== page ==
Wednesday, July 15, 2009

PHP Removes ISAPI support, and what that means to Gelbooru

Windows Server 2003 + IIS 6 has always been regarded as being a poor choice to use for hosting websites. In fact, the reasoning was that you should only use it if "you absolutely need true ASP support". Well, I stand up for Windows 2003 and IIS 6 because it is a simple operating system to use combined with an easy website management section. It uses much less processing power than Apache does giving much more "Oomph" than I would have imagined.

Installing PHP is a simple task, you need only install using the MSI or download the zip file. The installer and archive files always came with php5_isapi.dll and php-cgi.exe (or variety of). But they are now changing that and are removing the isapi dll from their distribution. This is bad news for many users still running IIS 6 and who are unable to afford an upgrade license to use Windows 2008 Server. Why is this? IIS 6 does not have a stable FastCGI engine and Windows 2008's IIS 7 does.

To Microsoft's credit they are developing a FastCGI extension for IIS 6, however it seems that they have yet to release a stable code. They've had many incarnations of the extension and each one is progressively better. In fact, their RC1 of the FastCGI 1.5 release actually worked on my server! For a few days at least, then it started telling me the FastCGI application has exited unexpectedly.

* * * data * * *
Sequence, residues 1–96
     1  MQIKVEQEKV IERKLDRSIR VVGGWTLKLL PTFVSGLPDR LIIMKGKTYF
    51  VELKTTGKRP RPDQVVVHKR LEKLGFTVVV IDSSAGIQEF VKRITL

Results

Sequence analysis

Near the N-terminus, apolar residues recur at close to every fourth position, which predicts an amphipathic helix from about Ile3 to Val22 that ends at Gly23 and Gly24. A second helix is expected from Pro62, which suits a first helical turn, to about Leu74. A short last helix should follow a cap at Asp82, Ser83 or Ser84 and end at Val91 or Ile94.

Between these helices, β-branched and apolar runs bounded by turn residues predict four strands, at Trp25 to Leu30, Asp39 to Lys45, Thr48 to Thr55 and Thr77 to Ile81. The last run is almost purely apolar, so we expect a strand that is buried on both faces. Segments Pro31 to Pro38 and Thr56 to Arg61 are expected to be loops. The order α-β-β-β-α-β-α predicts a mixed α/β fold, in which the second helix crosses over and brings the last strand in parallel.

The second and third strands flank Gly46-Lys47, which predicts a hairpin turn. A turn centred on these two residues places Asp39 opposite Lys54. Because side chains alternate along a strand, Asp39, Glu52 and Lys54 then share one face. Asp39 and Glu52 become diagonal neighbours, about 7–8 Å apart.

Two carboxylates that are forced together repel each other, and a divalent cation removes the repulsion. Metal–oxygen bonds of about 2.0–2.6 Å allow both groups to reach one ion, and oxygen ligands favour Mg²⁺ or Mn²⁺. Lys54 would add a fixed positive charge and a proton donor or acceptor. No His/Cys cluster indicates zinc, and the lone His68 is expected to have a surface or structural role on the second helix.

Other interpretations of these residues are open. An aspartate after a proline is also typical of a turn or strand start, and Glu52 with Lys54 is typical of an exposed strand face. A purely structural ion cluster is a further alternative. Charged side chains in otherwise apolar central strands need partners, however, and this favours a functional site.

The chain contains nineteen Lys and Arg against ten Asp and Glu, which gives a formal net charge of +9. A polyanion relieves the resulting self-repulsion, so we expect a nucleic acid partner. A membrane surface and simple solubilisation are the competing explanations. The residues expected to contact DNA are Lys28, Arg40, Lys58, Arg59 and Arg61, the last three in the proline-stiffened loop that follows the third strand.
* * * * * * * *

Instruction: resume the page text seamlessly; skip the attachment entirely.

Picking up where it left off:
This isn't the biggest problem. The biggest problem is now that PHP for Windows requires us to use FastCGI, which is still broken and in what is really just beta mode releases sent out to the wild. Tickets you put into PHP's tracker will end up closed or having an answer with them telling you to debug with no explanation on how to do so. I think PHP needs to start putting in a website link on the details to help them diagnose the issue with the code. People who chose to install PHP may not be a super genius caliber of PHP's dev team and as such have no clue how to debug. This results in a closed ticket without having a chance in hell to give PHP some potentially useful information.

Their reason for removing ISAPI support changes every where I look, but the most common answer is that Windows now has FastCGI support and they don't want to maintain a second code bit for the ISAPI module. Is it really that much of a problem to have two choices for Windows? Even a typical LAMP install has two, mod_php and fastcgi, to select from. Is funding the real issue? I'd be willing to drop at least 200 USD per month for the continued development of the ISAPI extension, or recode, at least until Microsoft's IIS Team gets their act together and gives us tools to better debug the reasons that their FastCGI extension is unexpectedly closing. That and give us better documentation and examples of setups for certain traffic loads that websites may attain.

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